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Frequent pattern mining has been successfully applied to a broad range of applications, however, it has two major drawbacks, which limits its applicability to several domains. First, as the traditional ‘exact ’ model of frequent pattern mining uses a strict definition of support, it limits the recovery of frequent itemset patterns in reallife data sets where the patterns may be fragmented due to random noise/errors. Second, as traditional frequent pattern mining algorithms works with only binary or boolean attributes, it requires transformation of realvalued attributes to binary attributes, which often results in loss of information. As many of the reallife data sets are both noisy and realvalued in nature, past approaches have tried to independently address these issues and there is no systematic approach that addresses both of these issues together. In this paper, we propose a novel ErrorTolerant Frequent Itemset (ETFI) model for binary as well as realvalued data. We also propose a bottomup pattern mining algorithm to sequentially discover all ETFIs from both types of data sets. To illustrate the efficacy of our proposed ETFI approach, we use two realvalued S.Cerevisiae microarray geneexpression data sets and evaluate the patterns obtained in terms of their functional coherence as evaluated using the GObased functional enrichment analysis. Our results clearly demonstrate the importance of directly accounting for errors/noise in the data. Finally, the statistical significance of the discovered ETFIs as estimated by using two randomization tests, reveal that discovered ETFIs are indeed biologically meaningful and are neither obtained by random chance nor capture random structure in the data. The source codes as well as data sets used in this study are made available at the following website:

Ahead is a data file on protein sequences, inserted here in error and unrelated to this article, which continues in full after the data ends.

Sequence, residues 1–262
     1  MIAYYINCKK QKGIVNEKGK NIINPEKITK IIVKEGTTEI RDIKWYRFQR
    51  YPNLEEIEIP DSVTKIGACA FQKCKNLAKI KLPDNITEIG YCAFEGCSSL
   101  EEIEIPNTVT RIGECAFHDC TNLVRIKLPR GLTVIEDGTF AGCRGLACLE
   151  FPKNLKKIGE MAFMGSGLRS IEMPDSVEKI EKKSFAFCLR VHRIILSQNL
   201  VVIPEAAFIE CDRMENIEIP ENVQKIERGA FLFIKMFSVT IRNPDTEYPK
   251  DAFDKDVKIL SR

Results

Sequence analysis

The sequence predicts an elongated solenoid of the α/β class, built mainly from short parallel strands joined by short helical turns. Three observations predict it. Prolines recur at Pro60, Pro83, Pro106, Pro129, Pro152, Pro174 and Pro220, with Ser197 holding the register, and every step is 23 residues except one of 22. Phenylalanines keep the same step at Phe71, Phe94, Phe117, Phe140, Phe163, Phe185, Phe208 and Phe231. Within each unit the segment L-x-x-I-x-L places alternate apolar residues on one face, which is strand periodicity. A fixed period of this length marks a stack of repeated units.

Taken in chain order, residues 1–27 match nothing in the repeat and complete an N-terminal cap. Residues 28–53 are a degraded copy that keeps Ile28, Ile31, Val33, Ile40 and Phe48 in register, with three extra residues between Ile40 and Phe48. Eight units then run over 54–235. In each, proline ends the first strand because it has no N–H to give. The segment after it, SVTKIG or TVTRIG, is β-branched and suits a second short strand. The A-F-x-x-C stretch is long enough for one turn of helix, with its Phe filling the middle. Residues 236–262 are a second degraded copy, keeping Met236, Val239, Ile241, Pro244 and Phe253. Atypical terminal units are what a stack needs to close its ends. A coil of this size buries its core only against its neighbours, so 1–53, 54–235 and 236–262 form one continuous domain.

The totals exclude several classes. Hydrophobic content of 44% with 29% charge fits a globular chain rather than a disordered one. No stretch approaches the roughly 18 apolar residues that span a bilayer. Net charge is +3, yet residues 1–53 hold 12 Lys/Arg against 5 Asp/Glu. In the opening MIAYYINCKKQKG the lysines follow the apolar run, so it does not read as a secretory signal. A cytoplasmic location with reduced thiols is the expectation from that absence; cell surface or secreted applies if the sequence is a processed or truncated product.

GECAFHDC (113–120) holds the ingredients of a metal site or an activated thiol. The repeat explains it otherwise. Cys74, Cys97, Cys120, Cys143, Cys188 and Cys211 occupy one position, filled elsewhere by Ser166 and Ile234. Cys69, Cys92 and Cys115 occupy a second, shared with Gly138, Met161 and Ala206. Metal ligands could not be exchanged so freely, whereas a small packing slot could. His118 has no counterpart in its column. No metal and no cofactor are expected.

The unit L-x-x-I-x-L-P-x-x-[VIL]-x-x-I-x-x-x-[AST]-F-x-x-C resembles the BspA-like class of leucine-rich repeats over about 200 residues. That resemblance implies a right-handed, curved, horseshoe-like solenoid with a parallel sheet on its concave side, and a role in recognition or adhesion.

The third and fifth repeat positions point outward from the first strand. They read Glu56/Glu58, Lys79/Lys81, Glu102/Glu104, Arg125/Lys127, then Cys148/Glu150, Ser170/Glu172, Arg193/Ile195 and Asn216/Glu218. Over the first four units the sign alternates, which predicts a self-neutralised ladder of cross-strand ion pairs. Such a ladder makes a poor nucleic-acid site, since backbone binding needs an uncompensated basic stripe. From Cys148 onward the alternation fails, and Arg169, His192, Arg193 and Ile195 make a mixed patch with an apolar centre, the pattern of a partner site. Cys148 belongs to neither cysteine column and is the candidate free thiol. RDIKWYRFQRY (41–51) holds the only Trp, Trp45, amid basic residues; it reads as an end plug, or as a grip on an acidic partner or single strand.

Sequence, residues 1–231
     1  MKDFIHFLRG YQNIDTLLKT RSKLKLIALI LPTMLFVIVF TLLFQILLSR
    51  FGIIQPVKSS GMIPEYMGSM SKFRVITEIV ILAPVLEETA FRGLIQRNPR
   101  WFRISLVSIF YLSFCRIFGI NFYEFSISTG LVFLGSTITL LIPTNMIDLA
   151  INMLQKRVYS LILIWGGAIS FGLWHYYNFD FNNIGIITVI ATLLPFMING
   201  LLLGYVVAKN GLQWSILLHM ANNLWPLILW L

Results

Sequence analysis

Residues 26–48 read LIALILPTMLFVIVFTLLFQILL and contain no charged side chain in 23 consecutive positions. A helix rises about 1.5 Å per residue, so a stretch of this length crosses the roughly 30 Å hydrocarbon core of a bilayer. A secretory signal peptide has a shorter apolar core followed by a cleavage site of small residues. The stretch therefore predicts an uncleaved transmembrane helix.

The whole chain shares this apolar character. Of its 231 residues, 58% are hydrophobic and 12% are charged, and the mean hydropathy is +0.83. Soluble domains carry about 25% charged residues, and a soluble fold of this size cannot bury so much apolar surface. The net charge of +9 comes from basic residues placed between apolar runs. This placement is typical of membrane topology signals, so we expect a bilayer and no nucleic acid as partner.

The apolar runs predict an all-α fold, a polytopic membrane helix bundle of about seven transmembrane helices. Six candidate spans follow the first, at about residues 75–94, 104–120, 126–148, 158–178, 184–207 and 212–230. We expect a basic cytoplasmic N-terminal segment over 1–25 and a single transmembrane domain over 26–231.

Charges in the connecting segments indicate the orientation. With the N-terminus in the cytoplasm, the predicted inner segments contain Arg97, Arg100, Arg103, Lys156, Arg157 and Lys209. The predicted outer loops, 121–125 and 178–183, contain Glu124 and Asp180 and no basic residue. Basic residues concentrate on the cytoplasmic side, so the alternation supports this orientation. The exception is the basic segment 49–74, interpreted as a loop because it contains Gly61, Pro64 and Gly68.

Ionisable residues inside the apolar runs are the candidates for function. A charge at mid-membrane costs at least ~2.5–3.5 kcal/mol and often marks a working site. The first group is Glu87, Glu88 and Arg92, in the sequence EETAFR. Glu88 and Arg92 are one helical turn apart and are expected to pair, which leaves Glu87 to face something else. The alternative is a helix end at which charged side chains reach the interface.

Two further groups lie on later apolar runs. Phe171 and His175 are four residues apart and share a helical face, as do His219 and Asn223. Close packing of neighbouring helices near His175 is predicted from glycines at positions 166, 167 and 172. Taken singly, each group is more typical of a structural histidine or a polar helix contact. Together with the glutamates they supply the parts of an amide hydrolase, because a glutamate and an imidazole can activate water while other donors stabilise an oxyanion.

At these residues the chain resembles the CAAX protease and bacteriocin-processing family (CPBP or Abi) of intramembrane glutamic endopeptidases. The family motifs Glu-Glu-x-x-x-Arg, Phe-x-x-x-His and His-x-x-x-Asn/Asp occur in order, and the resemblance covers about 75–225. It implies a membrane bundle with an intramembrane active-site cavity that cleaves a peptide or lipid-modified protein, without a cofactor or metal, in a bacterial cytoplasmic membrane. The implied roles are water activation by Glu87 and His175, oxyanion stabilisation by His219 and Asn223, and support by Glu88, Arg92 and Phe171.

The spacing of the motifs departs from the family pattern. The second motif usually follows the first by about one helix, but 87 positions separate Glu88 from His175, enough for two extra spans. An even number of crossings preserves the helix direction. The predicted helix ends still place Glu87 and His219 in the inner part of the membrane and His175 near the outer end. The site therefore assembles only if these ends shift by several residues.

Minimum Variance Associations— Discovering Relationships in Numerical Data